Neither, of course, is a painted mountain landscape providing the same experience as being in the mountains. But both kinds of art, I think, fulfill these human needs to contemplate nature, or laugh (everybody needs to laugh, it’s been a rough year!), to find connection with living things. I mean, who doesn’t love the idea of an always happy toaster-cat farting rainbows? Still, the difference for me between Nyan Cat and say, Rembrandt’s “Simeon and the Christ Child,” is that I probably won’t stay as long with this image to contemplate why I like farting rainbows (we need to lighten up, it says something about the heaviness of the time) as I might with something with more complex layers of history and meaning. But those layers might get built into Nyan Cat over time as more people see it, make meaning from it, talk, and write about it.
Part of what seems odd about buying a GIF is that it's easy to copy and it exists only virtually. But you hear that many wealthy collectors store original paintings and hang reproductions in their homes. What's your take on that aspect of this trend?
It seems like the point of the sale using cryptocurrency was to give the impression of uniqueness and ownership, similar to any “traditional” work. Collectors would hang reproductions, I suppose, to protect the work (sunlight, air, everything is constantly working to decay any physical material), although, in my view, why bother? Everything decays. Enjoy it for real, now! But I think an investor, with an investment mindset, probably is thinking towards market value and the future, rather than being with it in the now, and appreciating it as it is.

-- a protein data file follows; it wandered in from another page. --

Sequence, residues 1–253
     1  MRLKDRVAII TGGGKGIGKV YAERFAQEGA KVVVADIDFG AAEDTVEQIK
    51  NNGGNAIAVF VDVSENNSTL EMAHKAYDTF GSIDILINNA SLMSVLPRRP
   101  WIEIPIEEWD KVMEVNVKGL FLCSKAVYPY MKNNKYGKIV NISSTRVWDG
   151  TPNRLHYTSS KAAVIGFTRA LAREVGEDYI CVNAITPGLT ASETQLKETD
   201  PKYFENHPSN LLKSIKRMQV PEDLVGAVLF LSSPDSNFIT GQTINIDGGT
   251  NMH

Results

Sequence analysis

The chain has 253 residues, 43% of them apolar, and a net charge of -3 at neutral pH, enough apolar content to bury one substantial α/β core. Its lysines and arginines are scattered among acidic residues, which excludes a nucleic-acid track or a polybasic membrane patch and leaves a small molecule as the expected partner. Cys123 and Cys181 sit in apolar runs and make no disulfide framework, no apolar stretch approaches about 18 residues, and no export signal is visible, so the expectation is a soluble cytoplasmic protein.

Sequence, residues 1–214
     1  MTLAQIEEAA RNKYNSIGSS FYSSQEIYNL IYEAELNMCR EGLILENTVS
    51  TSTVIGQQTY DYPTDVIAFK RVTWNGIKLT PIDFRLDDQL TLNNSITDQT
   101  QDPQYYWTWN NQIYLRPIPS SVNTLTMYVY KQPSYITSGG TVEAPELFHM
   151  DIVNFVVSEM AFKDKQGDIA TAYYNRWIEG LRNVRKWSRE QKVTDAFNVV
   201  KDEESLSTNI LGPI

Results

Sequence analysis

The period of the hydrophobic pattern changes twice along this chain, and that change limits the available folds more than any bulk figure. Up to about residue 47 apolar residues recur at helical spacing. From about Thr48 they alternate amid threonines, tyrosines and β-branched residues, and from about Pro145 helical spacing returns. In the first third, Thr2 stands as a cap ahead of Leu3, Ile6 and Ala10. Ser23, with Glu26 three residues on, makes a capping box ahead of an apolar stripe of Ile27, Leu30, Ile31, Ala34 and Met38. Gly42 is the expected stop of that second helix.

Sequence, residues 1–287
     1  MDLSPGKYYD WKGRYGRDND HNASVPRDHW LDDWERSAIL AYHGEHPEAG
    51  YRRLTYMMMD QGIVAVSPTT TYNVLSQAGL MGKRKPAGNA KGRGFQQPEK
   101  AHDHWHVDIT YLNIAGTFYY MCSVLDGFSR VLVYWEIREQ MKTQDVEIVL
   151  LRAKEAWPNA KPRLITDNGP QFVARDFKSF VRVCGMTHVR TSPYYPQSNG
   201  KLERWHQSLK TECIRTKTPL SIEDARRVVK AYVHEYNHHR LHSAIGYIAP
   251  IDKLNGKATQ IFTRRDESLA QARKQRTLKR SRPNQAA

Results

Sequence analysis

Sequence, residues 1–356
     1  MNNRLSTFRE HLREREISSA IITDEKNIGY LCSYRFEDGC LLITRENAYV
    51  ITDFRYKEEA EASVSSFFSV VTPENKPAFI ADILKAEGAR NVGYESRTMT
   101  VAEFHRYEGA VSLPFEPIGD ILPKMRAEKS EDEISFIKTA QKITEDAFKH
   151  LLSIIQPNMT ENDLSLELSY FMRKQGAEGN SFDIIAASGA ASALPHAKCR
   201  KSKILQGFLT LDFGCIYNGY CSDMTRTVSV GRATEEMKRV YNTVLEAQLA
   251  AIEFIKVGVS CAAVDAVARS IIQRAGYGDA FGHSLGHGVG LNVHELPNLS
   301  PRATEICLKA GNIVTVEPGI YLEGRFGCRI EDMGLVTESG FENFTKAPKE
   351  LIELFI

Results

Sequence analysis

Modern art seemed incomprehensible to people seeing it for the first time. Digital art seems likely to do the same. Since memes come and go so quickly, is there a risk that popular pieces now will be even harder for future generations to understand?
Yes, the ubiquity of visual imagery may make it difficult for some to understand, but I think this is reflective of our moment in time. In neo-liberal capitalism everything is transient, nothing really has value, it just has a price. The next best thing is right there, making the former obsolete and worthless. If we separate commodification from our appreciation, your question is not a concern. It’s not to me, probably because almost anything made now could exemplify the existential reality of where we’re at as a species. Will some not understand? Of course, because they’re focused on money and price, both totally constructed things. That’s why there are articles and such that see this phenomenon (or Banksy’s shredding his own work at auction, etc.) as confusing.
I have student work, and my kids’ work, and my colleagues’ work on my walls at home. And I love a good meme and gif. But none of that is written about, or highly commodified through the legitimizing structures of gallery, museum, high-end collector, auction house, Ivy League MFA, and critics. But I love it anyway. I like looking at it and thinking about it as I look, every day. Just like I like going to museums and finding a piece that speaks to me, that I want to be with, and get to know better. It’s why I keep going back to the same museums. Or the same sit-spot in my backyard. We can see things differently, every time we look.
If we all just slowed down, we could do the same with almost any experience in our lives.